“Ask and it will be given to you; seek and you will find; knock and the door will be opened for you. 8 For everyone who asks receives, and the one who seeks finds, and to the one who knocks, the door will be opened. 9 Is there anyone among you who, if his son asks for bread, will give him a stone? 10 Or if he asks for a fish, will give him a snake? 11 If you then, although you are evil, know how to give good gifts to your children, how much more will your Father in heaven give good gifts to those who ask him!”
Note: any Bible reference containing only a chapter number and verse number is understood to be in the Gospel of Matthew.
The disciple’s refuge
Though the Old Testament — the Bible to those in Jesus’ time — has plenty of examples of prayer, there was some feeling that God was inaccessible. Living after the coming of Jesus, we feel much closer to God than those who had to approach God through priests and sacrifices.
Jesus enhanced our prayers by directing us to the Father and by promising the Father’s willingness to hear us. The question is not whether the Father will listen; the question is: will we pray?
Anyone who reads the Sermon on the Mount prior to today’s section would agree that it challenges disciples in ways that are daunting. Those who follow Jesus will not live according to this world’s values and will certainly encounter not only temptation but even hostility.
The only way to face such challenges is to take your needs to the Father, and that is exactly what Jesus stresses at this point. He does so using a typical pattern of parallel clauses:
A: Ask and it will be given to you; (7:7a)
B: seek and you will find; (7:7b)
C: knock and the door will be opened for you. (7:7c)
A: For everyone who asks receives; (7:8a)
B: and the one who seeks finds; (7:8b)
C: and to the one who knocks, the door will be opened. (7:8c)
The letter pairs work together; the first A tells what to do, and the second A tells why. Further, the verbs ask, seek and knock are all in present tense, implying habitual action. As Jesus’ disciples, we take our needs and concerns directly to the Father on a continual basis.
Each of the three verbs (ask, seek, and knock) is a way of referring to prayer. The need for our prayers to be habitual is a strong argument against weighing down prayer with a host of supposed conditions or rules. Prayer to our heavenly Father should be as simple as making a request to our earthly fathers, and Jesus next uses that exact example (7:9–10).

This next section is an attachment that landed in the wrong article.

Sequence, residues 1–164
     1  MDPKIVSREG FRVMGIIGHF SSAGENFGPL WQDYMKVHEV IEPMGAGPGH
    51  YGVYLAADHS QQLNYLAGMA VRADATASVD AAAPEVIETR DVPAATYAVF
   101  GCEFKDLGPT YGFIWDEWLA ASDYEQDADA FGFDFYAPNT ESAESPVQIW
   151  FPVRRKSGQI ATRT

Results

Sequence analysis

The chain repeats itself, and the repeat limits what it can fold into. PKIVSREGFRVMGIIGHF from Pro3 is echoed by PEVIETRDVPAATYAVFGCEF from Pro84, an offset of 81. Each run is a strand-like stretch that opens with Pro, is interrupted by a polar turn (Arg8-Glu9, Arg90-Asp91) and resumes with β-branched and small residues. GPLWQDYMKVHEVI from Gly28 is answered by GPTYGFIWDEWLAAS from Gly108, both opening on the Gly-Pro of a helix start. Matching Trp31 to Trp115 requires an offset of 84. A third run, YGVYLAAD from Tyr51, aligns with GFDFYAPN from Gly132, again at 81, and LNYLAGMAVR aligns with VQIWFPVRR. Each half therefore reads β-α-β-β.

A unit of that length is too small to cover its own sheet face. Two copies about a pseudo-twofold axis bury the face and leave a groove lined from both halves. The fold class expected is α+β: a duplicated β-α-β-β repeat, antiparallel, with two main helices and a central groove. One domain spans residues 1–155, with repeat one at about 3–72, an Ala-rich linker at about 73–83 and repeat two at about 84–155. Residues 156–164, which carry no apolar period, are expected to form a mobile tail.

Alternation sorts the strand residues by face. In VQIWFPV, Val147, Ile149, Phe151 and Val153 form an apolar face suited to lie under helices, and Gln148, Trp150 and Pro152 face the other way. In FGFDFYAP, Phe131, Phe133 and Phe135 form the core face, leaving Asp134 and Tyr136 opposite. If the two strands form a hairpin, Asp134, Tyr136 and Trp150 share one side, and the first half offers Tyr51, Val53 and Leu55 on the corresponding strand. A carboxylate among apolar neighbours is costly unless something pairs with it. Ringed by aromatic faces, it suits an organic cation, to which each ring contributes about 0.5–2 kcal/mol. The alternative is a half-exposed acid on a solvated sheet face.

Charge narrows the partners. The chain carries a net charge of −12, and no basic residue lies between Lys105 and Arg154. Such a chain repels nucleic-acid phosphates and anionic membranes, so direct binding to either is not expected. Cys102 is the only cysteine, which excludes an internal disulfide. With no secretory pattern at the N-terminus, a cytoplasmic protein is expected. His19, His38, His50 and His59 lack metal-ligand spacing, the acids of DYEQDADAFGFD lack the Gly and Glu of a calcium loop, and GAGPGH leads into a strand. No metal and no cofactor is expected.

Jesus uses the care of human parents for their children to set up a how-much-more style of argument about the Father’s care for the disciples. Jesus begins by asking that any man in the crowd identify himself if he would give his son a stone in reply to a request for a loaf of bread (7:9). This ridiculous situation comes in the form of a question that expects no for an answer. Jesus then repeats the question by asking if anyone would give his son a snake when asked for a fish (7:10). [Can you imagine the smiling faces at such a crazy idea?]
In Matthew 7:11, Jesus caps his argument by moving from the lesser case (human parents who are all prone to sin) to the greater case (the Father in heaven who always does what is right). If mere sinners care for their children, how much more will the Father care for the disciples!
The Father will care for his own!
The author of Hebrews reminds us, “the one who approaches God must believe that he exists and that he rewards those who seek him” (Heb. 11:6). This is exactly the assurance and the push Jesus was giving by commanding us to ask, seek, and knock.
The apostle James rebukes believers when he says, “You do not have because you do not ask” James 4:2). We must never neglect speaking to our Father about all of our needs. When we do so, we show our obedience to Jesus and our faith in the kindness of God.
Copyright © 2011 by Barry Applewhite. All rights reserved worldwide. Derived from material created for Christ Fellowship, McKinney, Texas. Used by permission.
 Craig S. Keener, A Commentary on the Gospel of Matthew (Grand Rapids: Wm. B. Eerdman’s Publishing Company, 1999) 244.